The others, The Goonies, Three Kings, What's Up Doc? (and more) are mid-level interests to me - rentals at best. And although I haven't seen David O. Russell's Three Kings (1999) in a long time, I am a fan, just not enough to double-dip.
It's also refreshingly set in Bwah-ston and not in some Euro port with tiny cars and mysterious French guys with beards. I'm not expecting The Parallax View or Three Days of the Condor, but I am expecting something better than Taken.
Tuesday, January 26, 2010
In 1946, while directing a stage production (a musical) of Jules Verne's "Around the World in Eighty Days," Welles ran out of funding and desperately convinced Cohn to send him the extra dough to keep the show running. In exchange, Welles promised to star, write and direct a feature film for Columbia at no further cost - needless to say, Cohn accepted.
I absolutely love the opening credits set to just the sounds of the African jungle, the plain white letters welcome in their simplicity, yet once the the film starts, I just don't care two licks about Katharine Hepburn and Humphrey Bogart's better-late-than-never romance or their hair-brain scheme to sink a German vessel.
I like my Bogart stone-faced and ashamedly heroic, not goofily drunk with his Babe Ruth hat. Plus, every time Hepburn says, "Hip, hip hooray!" I lose a part of my soul.
Of course I'm going to give it another chance with this new high-def transfer, (I've only seen the film twice on TCM) but I can't imagine myself ever loving it. I haven't liked one of the "Hollywood Goes to Africa" travelogues released in the 50's - King Solomon's Mines, Mogambo, The African Queen. I don't know why, but I just resist their charms.
Monday, January 25, 2010
The blind man, glum and suicidal, hears the voice of Stanwyck's phony religious awakener and rejuvenated and enlightened, seeks her out. But naturally, the one in need of a miracle is the one who least expects it.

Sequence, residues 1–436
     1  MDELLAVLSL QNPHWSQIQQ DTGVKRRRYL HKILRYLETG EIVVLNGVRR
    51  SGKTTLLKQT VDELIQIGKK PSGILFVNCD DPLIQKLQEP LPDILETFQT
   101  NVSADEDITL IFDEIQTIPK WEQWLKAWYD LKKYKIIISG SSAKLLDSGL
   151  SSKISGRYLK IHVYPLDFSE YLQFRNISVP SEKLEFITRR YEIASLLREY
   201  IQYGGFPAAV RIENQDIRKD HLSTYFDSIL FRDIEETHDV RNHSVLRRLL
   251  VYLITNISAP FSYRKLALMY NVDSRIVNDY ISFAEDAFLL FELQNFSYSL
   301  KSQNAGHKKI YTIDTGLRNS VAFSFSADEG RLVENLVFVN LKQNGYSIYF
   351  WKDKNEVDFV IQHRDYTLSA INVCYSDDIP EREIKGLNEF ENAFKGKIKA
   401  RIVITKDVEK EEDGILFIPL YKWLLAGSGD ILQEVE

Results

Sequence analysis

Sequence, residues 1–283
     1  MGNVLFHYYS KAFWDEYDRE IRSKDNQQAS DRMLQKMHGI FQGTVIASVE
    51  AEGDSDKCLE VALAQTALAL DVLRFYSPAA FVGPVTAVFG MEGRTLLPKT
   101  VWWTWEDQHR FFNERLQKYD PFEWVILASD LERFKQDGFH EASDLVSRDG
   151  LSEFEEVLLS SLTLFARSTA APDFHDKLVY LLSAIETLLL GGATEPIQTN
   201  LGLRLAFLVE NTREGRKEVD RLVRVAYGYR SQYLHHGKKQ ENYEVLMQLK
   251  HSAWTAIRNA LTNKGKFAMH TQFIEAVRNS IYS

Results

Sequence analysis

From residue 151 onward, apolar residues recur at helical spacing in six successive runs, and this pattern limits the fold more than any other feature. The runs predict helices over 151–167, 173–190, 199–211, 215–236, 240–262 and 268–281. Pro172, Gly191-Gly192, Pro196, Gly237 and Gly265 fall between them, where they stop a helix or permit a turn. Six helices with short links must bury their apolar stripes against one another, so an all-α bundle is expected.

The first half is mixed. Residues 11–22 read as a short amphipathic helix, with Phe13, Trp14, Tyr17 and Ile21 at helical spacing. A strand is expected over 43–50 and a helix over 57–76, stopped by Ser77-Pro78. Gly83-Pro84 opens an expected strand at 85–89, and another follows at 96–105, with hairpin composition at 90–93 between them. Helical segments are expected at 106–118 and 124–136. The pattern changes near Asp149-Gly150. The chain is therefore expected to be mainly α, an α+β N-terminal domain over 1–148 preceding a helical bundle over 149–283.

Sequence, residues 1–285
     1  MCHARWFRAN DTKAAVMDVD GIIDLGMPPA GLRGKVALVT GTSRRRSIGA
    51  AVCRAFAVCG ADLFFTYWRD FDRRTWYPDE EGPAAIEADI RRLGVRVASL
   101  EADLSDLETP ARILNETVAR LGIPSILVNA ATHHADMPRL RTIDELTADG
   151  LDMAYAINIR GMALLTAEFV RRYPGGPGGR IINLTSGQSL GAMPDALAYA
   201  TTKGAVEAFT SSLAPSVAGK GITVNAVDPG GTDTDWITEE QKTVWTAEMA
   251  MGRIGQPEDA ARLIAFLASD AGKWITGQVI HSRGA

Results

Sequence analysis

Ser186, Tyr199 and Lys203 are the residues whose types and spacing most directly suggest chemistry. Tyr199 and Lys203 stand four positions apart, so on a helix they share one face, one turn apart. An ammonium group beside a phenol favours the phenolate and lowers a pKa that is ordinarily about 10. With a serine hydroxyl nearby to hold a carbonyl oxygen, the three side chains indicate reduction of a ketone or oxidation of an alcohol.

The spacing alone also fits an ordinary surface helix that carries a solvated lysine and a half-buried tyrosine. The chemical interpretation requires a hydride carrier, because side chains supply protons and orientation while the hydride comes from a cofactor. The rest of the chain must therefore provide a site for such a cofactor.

With the PGA awarding it their film of the year, it is viable and completely rational to assume that some of the other guilds and voting bodies will embrace it as well, and The Wrap's Steve Pond agrees. Or maybe everyone is just grasping at straws, trying to stir the pot, wishful thinking, etc. After all, it's $600 million vs. $12 million.
Sunday, January 24, 2010
John Wells' The Company Men sounds interesting, ditto Henry Joost and Ariel Schulman's Catfish - but there hasn't been a must-see drama along the lines of Moon or An Education yet.
2. Legion (Screen Gems) $18.2 million
3. The Book of Eli (Warner Bros.) $17 million
4. The Tooth Fairy (Fox) $14.5 million
5. The Lovely Bones (Paramount/Dreamworks) $8.8 million
6. Sherlock Holmes (Warner Bros.) $7.1 million
7. Extraordinary Measures (CBS Films) $7 million
8. Alvin and the Chipmunks: Squeakquel (Fox) $6.5 million
9. It's Complicated (Universal) $6.1 million
10. The Spy Next Door (Lionsgate) $4.7 million